a cave high up in Binglingxi
But we had to pass.
Back on the boat in about 1.5 hours and we crossed the reservoir. Then we were not able to get on the bus because no seats were available. Luckily a taxi was looking for passengers and he only wanted 130 RMB (total) to take us back to Lanzhou, so we took his offer.
Back in Lanzhou in about another hour and half and we went to some food street recommended by the people on the boat who were local. We tried a restaurant where some special black beans were advertised but I don't think any of us liked it very much. We walked onto a pedestrian mall and found a stall which sold beer, we sat there in the shade and had some beer with bbq'ed lamb for more than 1 hour. Then we went back to find another restaurant for dinner. This time we ordered another special of Lanzhou called "lamb by hand" and it was very good!
We went back to the hotel to pick up our checked luggage and headed to the train station for our night sleeper train.
more caves at Binglingxi
Well, the trains and train stations in Japan are definitely a LOT better than the ones in China. The station here looked old and there was a very drunken guy being helped onto the train. The march to the trains was also not that pleasant. They did a silly thing here at trains and bus stations of x-raying the luggage, completely pointless as far as I can tell, but just a mindless step to go through. The train cars were not marked on the station platforms, and you had to look at the trains to find the proper car. We had a upper, middle and lower bunk of hard sleepers (soft sleepers were all sold out). At least the trains pretty much left on time. When you get on the trains here you exchange your ticket for a token. Before you were supposed to get off, the conductor comes by to exchange the ticket back, and also to wake you if you are sleeping.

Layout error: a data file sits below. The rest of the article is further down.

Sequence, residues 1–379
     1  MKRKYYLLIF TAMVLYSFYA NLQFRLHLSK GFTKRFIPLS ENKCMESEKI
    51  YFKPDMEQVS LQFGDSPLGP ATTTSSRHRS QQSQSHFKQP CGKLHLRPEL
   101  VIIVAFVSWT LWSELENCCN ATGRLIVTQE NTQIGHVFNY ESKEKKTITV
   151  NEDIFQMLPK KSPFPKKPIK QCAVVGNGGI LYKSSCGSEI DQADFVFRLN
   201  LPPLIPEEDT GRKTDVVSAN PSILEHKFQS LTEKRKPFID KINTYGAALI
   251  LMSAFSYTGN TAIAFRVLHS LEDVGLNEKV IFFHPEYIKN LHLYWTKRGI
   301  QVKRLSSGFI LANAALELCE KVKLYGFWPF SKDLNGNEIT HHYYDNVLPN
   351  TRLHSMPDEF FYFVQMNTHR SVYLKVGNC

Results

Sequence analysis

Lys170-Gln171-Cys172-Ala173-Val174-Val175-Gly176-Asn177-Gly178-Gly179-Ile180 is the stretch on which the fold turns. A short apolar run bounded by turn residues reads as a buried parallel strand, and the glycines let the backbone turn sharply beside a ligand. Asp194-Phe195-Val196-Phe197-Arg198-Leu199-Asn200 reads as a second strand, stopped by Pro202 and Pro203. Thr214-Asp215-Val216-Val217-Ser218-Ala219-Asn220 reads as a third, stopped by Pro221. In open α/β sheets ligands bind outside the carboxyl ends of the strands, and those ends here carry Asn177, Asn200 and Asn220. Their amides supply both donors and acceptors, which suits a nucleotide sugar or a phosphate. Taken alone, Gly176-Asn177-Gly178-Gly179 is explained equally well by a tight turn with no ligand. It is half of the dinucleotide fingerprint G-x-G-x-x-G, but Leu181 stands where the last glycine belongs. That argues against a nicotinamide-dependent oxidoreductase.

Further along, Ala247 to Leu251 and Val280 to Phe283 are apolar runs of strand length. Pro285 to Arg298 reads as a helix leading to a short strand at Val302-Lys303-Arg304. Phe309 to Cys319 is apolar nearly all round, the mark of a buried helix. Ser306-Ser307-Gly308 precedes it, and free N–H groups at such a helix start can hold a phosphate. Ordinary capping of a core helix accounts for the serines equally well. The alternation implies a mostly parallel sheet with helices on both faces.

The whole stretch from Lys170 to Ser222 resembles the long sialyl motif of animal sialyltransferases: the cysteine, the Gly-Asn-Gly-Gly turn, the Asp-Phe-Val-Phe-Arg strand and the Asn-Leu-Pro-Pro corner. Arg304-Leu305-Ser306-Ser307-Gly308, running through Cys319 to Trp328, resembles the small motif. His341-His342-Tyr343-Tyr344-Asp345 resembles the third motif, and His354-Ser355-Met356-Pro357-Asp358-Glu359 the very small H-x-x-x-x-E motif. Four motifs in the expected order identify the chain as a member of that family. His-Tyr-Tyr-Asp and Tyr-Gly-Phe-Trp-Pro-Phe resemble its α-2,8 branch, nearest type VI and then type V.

one of the caves in Binglingxi
I suppose that's a way to ensure people are notified of when they should get off. A train official came by later to ask who were staying in the middle and upper bunks, when I told him they were foreigners, he asked for their names in Chinese!? I wrote some translation down for him, but what's the point? He was happy with that info and left.
This was my first experience on a train in China. I settled down to sleep as best as I could, and actually was not too uncomfortable either with the surrounding which was open with no privacy and the bedding, which was not great but passable, and slept my way to our next stop Jiayuguan.